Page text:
What’s your food practice, and why?

Traditionally, Jews are The People Who Don’t Eat Pork. The Philistines, who were of Greek origin, commented upon it. Antiochus, a Greek king, thought it bizarre. The Romans thought it just one more bit of evidence that we were crazy. And after the Expulsion from Spain in 1492, a refusal to eat pork became the hallmark of “Judaizing” and became grounds for torture and execution.

Not Eating Pork became the hallmark Jewish food practice, even for Jews who did not embrace the full practice of kashrut. Kashrut is a complex topic but the short version is that only certain animals may be eaten, those animals must be slaughtered and cooked in an approved fashion, and meat and milk must be kept strictly separated. Observing kashrut is often referred to as “keeping kosher.”

Many 21st century Jews keep kosher. Some observe those commandments more stringently, some less. Some choose not to observe the traditional laws at all. Some choose to eat pork. Some do not. Some Jews only practice traditional dietary laws to some extent during Passover or holidays.

For many 21st century Jews, another pressing issue is food ethics:

  • Will I consume animal products?
  • If so, what are the minimum standards for how those animals are treated?
  • How do my food choices affect the human beings who produce food?
  • How do my food choices affect the ecosystems in which they grow and are processed?
  • What about food scarcity for others in my area?
  • What about food waste?
  • How do my choices about consumption affect my health and that of my family?

Any time we address a question of food ethics, we must recognize that much of our decision making is about trade-offs. For instance, food that is ethically sourced and ethically produced (and fresh, nutritious, etc.) is more expensive. So then we add to the questions:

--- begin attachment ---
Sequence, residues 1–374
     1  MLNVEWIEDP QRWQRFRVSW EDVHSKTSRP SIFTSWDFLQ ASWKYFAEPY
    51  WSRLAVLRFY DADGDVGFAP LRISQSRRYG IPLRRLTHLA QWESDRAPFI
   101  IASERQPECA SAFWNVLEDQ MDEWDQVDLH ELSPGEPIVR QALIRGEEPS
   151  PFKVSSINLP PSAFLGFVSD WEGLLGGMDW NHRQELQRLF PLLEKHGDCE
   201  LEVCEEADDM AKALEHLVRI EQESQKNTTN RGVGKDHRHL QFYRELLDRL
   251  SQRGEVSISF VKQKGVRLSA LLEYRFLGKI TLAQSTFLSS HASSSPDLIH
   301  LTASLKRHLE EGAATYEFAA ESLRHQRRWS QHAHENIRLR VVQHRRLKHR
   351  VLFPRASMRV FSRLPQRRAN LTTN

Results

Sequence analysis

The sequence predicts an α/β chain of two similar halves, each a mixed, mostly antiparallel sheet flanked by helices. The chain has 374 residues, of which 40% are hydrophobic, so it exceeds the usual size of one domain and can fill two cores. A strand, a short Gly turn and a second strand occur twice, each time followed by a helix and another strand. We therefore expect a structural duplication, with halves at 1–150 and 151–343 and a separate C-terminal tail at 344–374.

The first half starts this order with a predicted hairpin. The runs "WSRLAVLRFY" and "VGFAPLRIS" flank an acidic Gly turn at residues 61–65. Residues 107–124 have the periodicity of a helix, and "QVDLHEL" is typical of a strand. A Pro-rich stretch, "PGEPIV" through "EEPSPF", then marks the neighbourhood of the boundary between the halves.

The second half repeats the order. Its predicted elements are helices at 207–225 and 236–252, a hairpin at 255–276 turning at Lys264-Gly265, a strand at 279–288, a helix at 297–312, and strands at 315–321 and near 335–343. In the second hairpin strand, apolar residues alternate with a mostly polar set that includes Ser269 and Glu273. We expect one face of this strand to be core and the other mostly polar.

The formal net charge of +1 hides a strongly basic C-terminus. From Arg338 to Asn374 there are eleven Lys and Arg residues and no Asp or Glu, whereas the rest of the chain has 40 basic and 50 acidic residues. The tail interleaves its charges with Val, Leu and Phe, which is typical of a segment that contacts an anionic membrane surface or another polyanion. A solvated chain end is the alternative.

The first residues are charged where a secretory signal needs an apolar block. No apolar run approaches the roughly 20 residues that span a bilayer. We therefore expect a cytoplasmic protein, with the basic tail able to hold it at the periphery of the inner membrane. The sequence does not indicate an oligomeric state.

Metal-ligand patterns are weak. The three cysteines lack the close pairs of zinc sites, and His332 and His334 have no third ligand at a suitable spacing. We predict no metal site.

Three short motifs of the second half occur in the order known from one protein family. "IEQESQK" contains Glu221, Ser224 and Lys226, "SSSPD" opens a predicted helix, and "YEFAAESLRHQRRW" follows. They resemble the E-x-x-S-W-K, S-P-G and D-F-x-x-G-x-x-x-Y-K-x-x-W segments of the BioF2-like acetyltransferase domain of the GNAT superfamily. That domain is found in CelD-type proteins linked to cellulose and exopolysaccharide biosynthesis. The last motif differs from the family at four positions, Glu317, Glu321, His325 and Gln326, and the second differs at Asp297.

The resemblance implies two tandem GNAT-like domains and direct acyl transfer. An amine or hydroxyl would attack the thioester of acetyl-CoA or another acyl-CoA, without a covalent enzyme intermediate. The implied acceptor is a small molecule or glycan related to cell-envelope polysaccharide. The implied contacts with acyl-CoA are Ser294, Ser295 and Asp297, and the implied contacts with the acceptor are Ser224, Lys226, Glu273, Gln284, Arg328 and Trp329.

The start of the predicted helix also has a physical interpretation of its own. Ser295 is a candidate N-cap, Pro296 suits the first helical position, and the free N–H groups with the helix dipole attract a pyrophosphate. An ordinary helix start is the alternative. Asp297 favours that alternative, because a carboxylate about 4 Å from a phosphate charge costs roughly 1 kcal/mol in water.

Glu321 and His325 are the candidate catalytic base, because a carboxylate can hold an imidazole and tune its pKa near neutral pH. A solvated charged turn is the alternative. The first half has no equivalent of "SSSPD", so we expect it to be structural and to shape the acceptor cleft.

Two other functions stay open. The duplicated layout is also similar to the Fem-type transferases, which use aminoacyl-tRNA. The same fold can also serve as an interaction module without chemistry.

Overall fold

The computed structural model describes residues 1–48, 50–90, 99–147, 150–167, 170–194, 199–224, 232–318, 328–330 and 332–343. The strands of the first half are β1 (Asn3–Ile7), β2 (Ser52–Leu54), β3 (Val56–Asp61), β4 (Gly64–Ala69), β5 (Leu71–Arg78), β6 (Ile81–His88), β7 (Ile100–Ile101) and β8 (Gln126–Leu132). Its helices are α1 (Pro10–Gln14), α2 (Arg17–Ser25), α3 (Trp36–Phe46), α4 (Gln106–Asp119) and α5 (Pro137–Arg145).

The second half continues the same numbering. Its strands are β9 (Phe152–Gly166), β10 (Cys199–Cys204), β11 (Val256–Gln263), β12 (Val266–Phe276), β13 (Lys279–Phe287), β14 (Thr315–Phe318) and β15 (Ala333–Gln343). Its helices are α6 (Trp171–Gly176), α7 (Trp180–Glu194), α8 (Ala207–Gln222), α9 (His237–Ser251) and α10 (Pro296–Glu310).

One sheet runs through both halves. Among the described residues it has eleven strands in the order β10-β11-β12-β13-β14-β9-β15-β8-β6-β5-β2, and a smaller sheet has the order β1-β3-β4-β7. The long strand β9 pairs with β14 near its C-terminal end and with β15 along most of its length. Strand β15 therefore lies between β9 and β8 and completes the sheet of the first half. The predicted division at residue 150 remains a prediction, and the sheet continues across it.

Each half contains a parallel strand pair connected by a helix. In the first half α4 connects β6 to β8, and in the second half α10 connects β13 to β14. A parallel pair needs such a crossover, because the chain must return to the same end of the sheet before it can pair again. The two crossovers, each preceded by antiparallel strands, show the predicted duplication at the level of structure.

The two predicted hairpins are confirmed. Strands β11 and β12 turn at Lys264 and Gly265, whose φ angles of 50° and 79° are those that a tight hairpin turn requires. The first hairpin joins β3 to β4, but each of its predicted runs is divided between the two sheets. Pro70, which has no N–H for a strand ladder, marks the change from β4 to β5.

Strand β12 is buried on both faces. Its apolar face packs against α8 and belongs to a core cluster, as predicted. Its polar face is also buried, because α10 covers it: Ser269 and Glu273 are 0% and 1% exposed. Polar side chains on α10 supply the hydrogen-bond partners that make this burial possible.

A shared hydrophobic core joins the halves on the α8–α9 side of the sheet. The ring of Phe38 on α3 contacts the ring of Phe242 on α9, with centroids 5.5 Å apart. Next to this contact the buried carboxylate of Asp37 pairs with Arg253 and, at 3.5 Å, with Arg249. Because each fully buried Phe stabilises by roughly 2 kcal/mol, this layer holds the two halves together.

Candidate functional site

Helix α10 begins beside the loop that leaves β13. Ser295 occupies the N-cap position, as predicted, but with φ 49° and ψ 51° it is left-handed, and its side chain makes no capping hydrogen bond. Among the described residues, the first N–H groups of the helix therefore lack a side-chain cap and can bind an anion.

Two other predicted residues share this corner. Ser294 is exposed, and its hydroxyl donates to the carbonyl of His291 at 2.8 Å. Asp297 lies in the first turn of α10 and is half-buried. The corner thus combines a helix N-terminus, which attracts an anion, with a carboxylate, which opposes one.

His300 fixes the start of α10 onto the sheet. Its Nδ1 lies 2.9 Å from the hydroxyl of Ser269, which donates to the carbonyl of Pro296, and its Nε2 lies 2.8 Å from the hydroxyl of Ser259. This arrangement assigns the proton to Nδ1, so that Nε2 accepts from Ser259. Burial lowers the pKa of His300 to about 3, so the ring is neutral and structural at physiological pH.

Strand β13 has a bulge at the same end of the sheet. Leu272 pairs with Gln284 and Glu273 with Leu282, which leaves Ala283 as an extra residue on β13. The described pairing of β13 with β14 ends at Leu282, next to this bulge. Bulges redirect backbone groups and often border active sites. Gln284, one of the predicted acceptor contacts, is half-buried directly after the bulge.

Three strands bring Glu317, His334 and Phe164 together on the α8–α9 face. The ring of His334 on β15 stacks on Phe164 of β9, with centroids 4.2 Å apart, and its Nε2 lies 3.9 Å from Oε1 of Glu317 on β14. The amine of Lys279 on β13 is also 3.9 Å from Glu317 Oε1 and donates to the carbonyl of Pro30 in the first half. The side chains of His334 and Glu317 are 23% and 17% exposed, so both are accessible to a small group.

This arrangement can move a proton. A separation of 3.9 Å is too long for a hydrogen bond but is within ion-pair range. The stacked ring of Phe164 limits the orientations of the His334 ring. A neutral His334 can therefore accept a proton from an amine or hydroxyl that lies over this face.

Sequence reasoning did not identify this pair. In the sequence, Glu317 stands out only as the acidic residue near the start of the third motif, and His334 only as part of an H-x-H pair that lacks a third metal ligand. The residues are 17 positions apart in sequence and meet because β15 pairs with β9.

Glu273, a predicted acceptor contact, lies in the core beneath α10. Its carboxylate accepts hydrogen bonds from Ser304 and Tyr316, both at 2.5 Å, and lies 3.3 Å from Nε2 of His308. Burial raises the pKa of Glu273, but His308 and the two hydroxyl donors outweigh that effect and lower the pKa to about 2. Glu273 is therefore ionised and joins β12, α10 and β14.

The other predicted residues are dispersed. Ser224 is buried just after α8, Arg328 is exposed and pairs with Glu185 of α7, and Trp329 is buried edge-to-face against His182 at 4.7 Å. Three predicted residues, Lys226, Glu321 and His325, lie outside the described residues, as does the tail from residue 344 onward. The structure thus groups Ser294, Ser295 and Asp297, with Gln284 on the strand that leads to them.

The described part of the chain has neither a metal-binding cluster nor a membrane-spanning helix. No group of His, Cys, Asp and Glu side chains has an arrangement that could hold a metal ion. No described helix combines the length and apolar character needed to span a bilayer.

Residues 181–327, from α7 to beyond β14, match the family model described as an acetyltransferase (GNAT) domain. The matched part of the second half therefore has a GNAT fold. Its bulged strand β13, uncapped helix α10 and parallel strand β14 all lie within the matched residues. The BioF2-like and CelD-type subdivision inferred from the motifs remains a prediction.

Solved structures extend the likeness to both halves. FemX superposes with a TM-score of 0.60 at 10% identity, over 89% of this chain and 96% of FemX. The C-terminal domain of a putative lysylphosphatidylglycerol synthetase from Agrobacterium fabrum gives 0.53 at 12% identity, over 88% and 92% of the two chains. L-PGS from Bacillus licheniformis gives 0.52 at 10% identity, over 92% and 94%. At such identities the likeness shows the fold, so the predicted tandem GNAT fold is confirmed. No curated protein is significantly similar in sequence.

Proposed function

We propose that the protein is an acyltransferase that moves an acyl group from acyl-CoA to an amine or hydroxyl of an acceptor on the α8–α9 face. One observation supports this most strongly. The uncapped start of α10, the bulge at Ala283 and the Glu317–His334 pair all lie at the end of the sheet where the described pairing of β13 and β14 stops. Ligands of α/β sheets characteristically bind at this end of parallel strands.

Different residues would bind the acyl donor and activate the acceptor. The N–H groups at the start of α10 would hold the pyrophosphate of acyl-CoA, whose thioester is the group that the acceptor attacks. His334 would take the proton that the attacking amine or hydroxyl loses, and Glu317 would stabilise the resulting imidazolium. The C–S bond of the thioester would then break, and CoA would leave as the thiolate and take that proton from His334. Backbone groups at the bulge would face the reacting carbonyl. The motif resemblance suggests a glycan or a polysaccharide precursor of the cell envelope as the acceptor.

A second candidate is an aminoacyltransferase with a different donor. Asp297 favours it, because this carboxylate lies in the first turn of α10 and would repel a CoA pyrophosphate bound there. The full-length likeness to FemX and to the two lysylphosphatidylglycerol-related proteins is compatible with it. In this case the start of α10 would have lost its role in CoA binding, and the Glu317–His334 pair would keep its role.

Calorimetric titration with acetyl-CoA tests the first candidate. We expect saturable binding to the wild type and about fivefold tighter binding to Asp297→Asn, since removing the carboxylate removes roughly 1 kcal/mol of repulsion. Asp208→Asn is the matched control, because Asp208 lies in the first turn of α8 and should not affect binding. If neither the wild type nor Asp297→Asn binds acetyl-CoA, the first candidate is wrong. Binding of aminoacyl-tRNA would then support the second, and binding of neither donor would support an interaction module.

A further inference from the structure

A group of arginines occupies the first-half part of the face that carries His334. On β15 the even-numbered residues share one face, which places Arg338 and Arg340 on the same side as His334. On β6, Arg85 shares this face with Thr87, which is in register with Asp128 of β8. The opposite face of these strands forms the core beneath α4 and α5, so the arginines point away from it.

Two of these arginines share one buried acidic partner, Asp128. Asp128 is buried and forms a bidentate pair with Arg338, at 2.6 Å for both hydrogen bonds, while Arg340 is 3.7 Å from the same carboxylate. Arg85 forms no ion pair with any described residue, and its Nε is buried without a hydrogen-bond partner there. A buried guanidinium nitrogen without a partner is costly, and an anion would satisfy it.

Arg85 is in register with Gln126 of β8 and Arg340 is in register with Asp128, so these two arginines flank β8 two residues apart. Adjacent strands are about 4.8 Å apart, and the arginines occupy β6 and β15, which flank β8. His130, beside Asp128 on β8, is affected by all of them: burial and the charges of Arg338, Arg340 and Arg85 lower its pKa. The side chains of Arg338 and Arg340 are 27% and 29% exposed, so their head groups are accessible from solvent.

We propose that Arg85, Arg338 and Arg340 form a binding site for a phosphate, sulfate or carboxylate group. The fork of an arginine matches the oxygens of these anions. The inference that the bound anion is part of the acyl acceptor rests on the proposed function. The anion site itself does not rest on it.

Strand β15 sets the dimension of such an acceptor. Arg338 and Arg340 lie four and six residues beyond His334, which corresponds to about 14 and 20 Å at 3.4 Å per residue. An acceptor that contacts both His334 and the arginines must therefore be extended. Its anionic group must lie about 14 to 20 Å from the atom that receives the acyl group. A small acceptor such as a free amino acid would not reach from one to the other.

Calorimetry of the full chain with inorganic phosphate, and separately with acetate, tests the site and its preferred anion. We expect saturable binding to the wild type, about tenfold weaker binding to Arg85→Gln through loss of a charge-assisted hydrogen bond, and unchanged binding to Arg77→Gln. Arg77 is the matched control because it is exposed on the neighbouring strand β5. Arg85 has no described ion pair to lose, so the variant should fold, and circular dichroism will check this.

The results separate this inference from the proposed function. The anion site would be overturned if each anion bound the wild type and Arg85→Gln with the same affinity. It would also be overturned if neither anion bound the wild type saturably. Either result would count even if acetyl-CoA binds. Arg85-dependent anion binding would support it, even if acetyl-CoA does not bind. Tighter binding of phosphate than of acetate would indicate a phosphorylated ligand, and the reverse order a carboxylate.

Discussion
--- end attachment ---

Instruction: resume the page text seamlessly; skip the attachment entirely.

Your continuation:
• What can I afford?
  • What am I willing to do for those who cannot afford this food?

A person might decide to forego the free-range eggs in order to donate those funds to the food bank. That’s their choice, and their way of addressing the trade-off. Someone with a lot of discretionary income may choose to do both. And someone who is trying to feed their family on very low income may get eggs from caged hens and that’s how it is. No one with more income has any right to pass judgment on the person for whom worry about ethical food choices is an unaffordable luxury.

There are a number of Jewish organizations exploring these issues and looking at ways to move towards a more ethical practice of Jewish eating. My Jewish Learning has provided a great article on the subject by Shmuly Yanklowitz.

Finally, what else am I willing to do to address ethical issues and food? Learn about the issues? Lobby elected officials for better regulations? Volunteer at the food bank? Join a Jewish group (maybe a congregation’s social action committee) to study up on these issues?

So, what are your food practices, and how to they stem from your reading of Torah? Do you keep some level of kashrut? Do you fast on Yom Kippur? What do you choose to eat, or not eat, out of ethical or ecological concerns? And most importantly: why???